Toward targeted treatments in tuberous sclerosis

Romina Moavero, Federica Graziola, Gloria Romagnoli, Paolo Curatolo

Research output: Contribution to journalArticlepeer-review


Introduction. Tuberous Sclerosis Complex (TSC) is an autosomal-dominant disease caused by the loss of function of the heterodimeric complex hamartin/tuberin due to TSC1/TSC2 gene mutation. The consequent abnormal activation of mammalian target of rapamycin (mTOR), a serine threonine kinase regulating cellular growth, metabolism and proliferation, is responsible for the structural and functional abnormalities observed in TSC. mTOR inhibitors are a class of drugs specifically targeting the mTOR pathway with promising benefits as a specific targeted treatment of the disease.Areas covered. We have reviewed the literature focusing on the role of mTOR inhibitors in treating TSC-related conditions. They are currently approved for subependymal giant cell astrocytomas, renal angiomyolipomas and more recently for lymphangioleiomyomatosis, but a promising role has been shown also in the other clinical manifestation characteristics of TSC, such as cardiac rhabdomyomas, facial angiofibromas and epilepsy.Expert opinion. mTOR inhibition is considered a disease-modifying therapy and the best approach to prevent the progress of the natural history of the disease. For the first time we have the possibility not only to use a biologically targeted treatment, but also to address different manifestations at the same time, thus significantly improving the therapeutic outlook in this complex disease.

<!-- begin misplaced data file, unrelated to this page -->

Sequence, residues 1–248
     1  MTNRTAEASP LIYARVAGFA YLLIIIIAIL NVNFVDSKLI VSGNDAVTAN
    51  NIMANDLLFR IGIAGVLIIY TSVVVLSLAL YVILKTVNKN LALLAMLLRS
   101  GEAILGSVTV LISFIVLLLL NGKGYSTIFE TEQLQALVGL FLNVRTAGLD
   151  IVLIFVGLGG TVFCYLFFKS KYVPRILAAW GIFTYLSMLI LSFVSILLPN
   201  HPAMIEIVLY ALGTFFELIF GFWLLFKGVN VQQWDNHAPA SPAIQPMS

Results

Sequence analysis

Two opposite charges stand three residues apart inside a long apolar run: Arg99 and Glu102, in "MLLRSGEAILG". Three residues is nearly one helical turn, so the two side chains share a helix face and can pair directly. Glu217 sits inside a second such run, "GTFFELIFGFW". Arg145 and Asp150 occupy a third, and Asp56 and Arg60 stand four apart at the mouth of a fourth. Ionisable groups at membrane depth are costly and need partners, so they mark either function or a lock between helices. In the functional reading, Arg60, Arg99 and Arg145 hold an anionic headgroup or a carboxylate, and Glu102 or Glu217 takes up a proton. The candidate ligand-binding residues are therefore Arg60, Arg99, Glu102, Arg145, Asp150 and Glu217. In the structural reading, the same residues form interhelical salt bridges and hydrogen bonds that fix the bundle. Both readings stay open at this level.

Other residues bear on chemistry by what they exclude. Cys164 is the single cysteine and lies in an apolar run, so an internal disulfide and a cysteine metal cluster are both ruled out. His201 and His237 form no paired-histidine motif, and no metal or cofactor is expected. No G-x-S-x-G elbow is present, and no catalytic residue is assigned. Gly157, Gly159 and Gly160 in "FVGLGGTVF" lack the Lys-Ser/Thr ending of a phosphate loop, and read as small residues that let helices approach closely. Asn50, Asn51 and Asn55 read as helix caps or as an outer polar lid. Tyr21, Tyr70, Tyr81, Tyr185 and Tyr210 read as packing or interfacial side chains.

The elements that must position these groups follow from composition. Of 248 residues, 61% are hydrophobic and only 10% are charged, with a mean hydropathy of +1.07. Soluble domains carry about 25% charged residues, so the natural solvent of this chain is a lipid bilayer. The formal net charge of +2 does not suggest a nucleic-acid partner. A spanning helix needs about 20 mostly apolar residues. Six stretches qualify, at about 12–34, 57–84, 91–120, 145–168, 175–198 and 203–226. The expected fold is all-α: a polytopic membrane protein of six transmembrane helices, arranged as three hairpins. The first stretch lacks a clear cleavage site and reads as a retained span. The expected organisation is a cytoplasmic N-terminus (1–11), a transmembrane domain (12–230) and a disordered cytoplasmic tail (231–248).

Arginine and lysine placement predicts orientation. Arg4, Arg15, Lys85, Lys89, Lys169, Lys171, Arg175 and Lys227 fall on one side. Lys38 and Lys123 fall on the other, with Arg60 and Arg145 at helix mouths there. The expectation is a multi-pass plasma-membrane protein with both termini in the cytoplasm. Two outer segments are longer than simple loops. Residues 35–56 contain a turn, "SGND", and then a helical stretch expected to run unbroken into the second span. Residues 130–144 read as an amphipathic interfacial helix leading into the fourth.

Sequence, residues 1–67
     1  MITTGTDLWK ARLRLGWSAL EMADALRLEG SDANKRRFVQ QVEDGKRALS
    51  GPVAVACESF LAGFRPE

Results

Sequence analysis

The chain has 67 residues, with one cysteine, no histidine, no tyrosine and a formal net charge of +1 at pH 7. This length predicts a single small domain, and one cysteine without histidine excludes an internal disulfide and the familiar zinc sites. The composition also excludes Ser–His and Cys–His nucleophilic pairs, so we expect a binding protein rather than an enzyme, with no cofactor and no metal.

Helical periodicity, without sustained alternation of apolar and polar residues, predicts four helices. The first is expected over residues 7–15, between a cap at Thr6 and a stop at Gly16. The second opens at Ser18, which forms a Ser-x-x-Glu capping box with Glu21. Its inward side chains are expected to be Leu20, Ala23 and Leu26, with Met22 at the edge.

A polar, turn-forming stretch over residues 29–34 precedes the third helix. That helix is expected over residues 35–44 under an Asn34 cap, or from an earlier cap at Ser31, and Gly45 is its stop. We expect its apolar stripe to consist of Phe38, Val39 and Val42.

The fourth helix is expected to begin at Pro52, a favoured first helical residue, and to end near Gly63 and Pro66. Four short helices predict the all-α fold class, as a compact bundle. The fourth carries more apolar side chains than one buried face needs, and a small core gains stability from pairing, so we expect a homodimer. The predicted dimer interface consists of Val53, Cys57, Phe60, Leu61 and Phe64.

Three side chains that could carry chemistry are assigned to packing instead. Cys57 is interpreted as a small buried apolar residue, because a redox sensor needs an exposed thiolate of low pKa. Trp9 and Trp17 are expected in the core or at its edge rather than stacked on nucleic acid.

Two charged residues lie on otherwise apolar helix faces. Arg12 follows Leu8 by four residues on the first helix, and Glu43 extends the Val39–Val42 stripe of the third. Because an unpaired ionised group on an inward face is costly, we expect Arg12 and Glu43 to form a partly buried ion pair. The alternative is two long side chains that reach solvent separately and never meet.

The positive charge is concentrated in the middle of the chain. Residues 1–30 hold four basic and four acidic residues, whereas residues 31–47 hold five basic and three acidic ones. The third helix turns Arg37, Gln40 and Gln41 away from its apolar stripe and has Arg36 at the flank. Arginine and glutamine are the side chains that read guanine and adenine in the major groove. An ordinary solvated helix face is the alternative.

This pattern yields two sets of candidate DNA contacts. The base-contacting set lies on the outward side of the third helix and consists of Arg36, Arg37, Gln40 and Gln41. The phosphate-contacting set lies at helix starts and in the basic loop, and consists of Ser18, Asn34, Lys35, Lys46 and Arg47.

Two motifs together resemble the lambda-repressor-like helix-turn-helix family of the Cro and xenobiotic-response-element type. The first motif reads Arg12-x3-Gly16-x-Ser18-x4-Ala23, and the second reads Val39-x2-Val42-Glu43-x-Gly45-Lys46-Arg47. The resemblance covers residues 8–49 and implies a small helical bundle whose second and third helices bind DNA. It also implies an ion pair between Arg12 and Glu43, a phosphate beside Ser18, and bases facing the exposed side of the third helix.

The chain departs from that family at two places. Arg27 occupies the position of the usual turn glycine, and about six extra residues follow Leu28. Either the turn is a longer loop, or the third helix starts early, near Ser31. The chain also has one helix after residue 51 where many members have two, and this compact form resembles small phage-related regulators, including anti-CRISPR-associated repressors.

Original languageEnglish
Pages (from-to)243-253
Number of pages11
JournalExpert Opinion on Orphan Drugs
Issue number3
Publication statusPublished - Mar 3 2016


  • Everolimus
  • mTOR
  • mTOR inhibitors
  • rapamycin
  • treatment
  • tuberous sclerosis complex

ASJC Scopus subject areas

  • Pharmacology (medical)
  • Health Policy
  • Pharmacology, Toxicology and Pharmaceutics (miscellaneous)


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